Should You Check Your Answers During Tests?

Should you allocate time for checking your answers during important tests? I will use AMC 10/12 as an example, but you can adjust the calculations for any other test.

AMC 10/12 is a math competition that asks 25 multiple-choice questions that you need to solve in 75 minutes. You get 6 points for a correct answer, 1.5 points for an unanswered question and 0 points for a wrong answer.

Whether or not to take time to check your answers depends on you and the situation. If you finished your test and have some time left over, then surely you should use the extra time for checking your answers. If you only have three minutes left and your next problems are too complex to be dealt with in that time, then it is logical to use these moments to check back.

Sometimes, though, it isn’t worth it to check your answers. If you haven’t finished the test, but are a super-accurate person and never make mistakes, then it is better to continue working on the next problem than to waste time checking your correct answers. Also, if you rarely catch your own mistakes anyway, it doesn’t make sense to check.

But things are not usually so clear. By the end of the test, most people need to make a decision: continue working through the problems or use the final moments to check the answers? How can you best decide if you should allocate time for checking and, if so, how much time?

The problems in AMC tests increase in difficulty. I suggest that each time you take the test or practice for AMC, take note of two things. How long did it take you to solve the test’s last problem and what is the level of your accuracy for it. Suppose you know that at the end of the AMC test you can solve a problem in about 10 minutes and it is correct about 90% of the time. That means that investing the last ten minutes in solving the next problem will give you on average 5.4 points. If you remember that a blank answer gives you 1.5 points, you should realize that solving the last problem increases your score by 3.9 points. If you are very accurate, your score can increase more, but not more than 4.5 points.

Try conducting the following experiment. Take an AMC test from a past year. Do it for 65 minutes — the time of the test minus the time you need for that last problem. Then spend the last 10 minutes checking and correcting your answers. Now let us calculate how profitable that would be. Compare the scores you would have gotten without your corrections and with your corrections. If checking increases your score by more than 3.9 points, it is more profitable to check than to solve the next problem. If you do not make errors when you’re trying to make corrections, the rule of thumb is that correcting one mistake is better than solving one problem. Indeed, your score increases by 6 points if you correct a mistake, and by not more than 4.5 points if you solve the next problem.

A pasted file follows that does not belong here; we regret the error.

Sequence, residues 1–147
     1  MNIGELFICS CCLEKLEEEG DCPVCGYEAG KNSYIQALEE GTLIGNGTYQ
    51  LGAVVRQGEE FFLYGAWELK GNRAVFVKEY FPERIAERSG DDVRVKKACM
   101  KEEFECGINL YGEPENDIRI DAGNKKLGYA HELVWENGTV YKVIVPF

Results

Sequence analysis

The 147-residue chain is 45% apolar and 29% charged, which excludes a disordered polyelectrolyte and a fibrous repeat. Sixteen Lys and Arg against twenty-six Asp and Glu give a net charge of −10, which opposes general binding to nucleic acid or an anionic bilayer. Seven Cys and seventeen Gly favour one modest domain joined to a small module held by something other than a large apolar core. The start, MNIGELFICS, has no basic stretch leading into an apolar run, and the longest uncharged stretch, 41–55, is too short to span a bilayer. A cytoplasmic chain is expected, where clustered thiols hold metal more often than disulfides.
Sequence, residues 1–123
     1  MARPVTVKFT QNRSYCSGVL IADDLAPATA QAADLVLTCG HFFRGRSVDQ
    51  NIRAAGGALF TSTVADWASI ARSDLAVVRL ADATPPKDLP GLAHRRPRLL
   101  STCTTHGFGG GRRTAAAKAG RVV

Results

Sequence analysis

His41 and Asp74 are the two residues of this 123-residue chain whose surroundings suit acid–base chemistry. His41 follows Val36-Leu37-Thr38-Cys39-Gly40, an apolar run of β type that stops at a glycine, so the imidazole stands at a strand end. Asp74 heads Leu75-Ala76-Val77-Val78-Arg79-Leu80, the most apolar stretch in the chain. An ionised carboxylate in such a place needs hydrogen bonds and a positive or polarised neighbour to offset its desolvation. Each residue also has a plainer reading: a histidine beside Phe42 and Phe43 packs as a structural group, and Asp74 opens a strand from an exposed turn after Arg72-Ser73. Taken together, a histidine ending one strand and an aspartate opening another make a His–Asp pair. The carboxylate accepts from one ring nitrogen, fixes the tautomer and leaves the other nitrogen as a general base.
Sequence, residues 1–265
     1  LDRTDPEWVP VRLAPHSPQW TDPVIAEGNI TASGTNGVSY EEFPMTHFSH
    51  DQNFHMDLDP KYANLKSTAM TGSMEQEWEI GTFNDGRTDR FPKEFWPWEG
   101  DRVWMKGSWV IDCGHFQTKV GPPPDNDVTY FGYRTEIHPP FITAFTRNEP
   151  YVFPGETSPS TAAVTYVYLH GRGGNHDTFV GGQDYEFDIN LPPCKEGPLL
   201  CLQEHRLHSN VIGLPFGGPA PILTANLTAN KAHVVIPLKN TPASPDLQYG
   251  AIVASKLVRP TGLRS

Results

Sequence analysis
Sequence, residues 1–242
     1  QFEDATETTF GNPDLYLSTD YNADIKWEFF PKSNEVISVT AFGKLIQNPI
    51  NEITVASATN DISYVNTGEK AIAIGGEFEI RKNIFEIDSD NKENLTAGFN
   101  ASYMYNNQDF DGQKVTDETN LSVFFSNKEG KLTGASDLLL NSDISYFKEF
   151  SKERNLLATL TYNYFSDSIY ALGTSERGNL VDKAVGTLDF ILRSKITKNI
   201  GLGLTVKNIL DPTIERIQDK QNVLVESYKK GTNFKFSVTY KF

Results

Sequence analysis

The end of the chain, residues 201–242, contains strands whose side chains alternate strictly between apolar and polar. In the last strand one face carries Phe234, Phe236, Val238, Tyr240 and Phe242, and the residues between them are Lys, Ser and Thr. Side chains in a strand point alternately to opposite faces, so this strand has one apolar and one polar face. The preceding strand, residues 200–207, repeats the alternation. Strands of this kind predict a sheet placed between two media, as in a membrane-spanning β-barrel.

On all tests that punish wrong answers, correcting an error produces more points than solving a new question.

If you find that checking is profitable, but you can’t check all the problems in ten minutes, you should consider allocating more time. Keep in mind, though, that you should adjust the sample calculation above for the last two problems. Remember, the next to the last problem is generally easier than the last problem. So if it takes you ten minutes to solve the last problem in the test, it most probably will take you less than twenty minutes to solve the last two. Also, since the difficulty increases throughout the test, the accuracy of the second to last problem might be better than the accuracy of the last problem. In addition, the first ten minutes that you check may be more productive than the next ten minutes of checking. So if you wonder if you should forgo the last two problems in order to check your earlier work, you have to redo the experiment anew, measuring both how long it takes you to solve those two problems and the benefits of checking.

This discussion can potentially help you to increase your score. However, there are other strategic considerations to weigh when deciding whether or not to check your work. For example, if the number of mistakes in your tests varies and sometimes you are 100% accurate and you are one problem away from your goal to get to AIME, it is more profitable to go for the last problem and hope for the best. I will discuss the strategic considerations for AMC some other time.


  1. Jonathan:

    Fascinating. On a many-question test of MY skills, I almost never checked my answers. On a 1 or 2 question test, or when preparing a single number or small group of numbers for a superior or customer* (not really a customer, but same idea), then I checked.

    I always thought it was strange of me, but you easily convinced me that it’s just good strategy.

  2. mark p.s.2:

    As another guide to know when to stop checking for error, read this article. Where science of finding the correct answer endpoint meets creative art . “I have to decide that it’s finished. Read again: it isn’t actually finished, I have to decide it’s finished.”